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Saturday, 4 April 2015
We Are All Completely Beside Ourselves by Karen Joy Fowler
What we thought: “Those who know me now will be surprised to learn that I was a greater talker as a child,” Rose begins. “When you think of two things to say, pick your favourite and only say that, my mother suggested once, as a tip to polite social behaviour, and the rule was later modified to one in three.”
Rose is an only child, but she used to have a sister the same age as her, and an older brother. Both are now gone - vanished from her life. There was something unique about Rose's sister, Fern, and for the first five years of their lives, the two were constantly tested and observed by their psychologist father and a large cohort of grad students.
Now at college, Rose is no longer a talker but a loner. We first encounter her on the day she meets Harlow, storming into the student cafeteria and tearing up a storm to break up with her boyfriend. The way that Rose reacts to Harlow’s behaviour is, with hindsight, highly significant.
This is a tricky book to review. 77 pages in, the narrator throws a curve ball at you. You may guess what that curve ball is before you get there, but it won’t be me that told you. You’ll have to work it out for yourself.
For those first 77 pages, it’s easy to imagine this is just another story about a dysfunctional American middle-class family. From p77 onwards, it unfolds into something more complex, and more challenging to our view of ourselves as humans and custodians of the planet.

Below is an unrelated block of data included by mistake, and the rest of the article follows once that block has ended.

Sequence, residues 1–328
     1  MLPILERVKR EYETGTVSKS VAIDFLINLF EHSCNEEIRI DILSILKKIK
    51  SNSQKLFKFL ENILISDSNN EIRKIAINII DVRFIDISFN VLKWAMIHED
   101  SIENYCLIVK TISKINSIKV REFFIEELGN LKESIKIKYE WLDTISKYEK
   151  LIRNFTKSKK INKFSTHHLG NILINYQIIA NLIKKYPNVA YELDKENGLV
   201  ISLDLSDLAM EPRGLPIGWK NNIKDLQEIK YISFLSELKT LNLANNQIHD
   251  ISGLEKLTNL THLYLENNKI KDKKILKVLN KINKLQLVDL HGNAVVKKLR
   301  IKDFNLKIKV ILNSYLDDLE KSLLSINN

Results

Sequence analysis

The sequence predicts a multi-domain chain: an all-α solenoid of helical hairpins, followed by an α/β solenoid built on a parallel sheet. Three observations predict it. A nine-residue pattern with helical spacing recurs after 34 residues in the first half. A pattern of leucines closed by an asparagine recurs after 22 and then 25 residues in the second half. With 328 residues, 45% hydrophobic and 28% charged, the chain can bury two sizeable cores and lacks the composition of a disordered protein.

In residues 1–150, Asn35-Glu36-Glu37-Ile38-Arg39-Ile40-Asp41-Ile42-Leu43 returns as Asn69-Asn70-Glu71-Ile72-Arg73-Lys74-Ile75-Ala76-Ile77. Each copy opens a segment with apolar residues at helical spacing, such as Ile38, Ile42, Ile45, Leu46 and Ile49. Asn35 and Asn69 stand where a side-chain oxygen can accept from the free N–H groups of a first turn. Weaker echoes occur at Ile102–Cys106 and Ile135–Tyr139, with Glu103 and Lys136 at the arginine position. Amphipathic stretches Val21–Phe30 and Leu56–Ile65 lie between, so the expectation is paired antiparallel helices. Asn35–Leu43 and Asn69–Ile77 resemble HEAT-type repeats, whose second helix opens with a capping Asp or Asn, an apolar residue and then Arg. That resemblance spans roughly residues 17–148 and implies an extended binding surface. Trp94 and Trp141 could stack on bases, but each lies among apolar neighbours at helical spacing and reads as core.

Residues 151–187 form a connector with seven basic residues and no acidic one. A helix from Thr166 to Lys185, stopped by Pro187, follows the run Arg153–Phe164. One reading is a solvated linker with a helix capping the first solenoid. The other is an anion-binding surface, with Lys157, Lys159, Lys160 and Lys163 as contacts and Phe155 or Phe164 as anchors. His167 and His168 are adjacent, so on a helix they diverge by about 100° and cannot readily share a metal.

Like many stories with an unreliable narrator, it unfolds in a non-linear way. Rose revisits her past, and in particular the crucial point when Fern disappears from her life, at least twice, her perspective altering each time.
Woven through the story are questions about the ethics of scientific experimentation, guilt, responsibility, and the fallible nature of memory. It is not, as novels with scientists at the centre often are, unsympathetic to science. But neither does it let scientists off the hook.
If all this makes it sound like science fiction, it’s not. It’s a leap of imagination, but grounded squarely in 20th and 21st Century reality. It’s poignant, funny, and may leave you feeling a little uncomfortable.
You’ll enjoy this if you love: Ann Tyler, Carol Shields
Avoid if you dislike: a challenge to your view of yourself as human
Perfect Accompaniment: Banana cream pie, eaten in a diner in the middle of night with rain streaming down the windows
Genre: Lit fic
Available from Amazon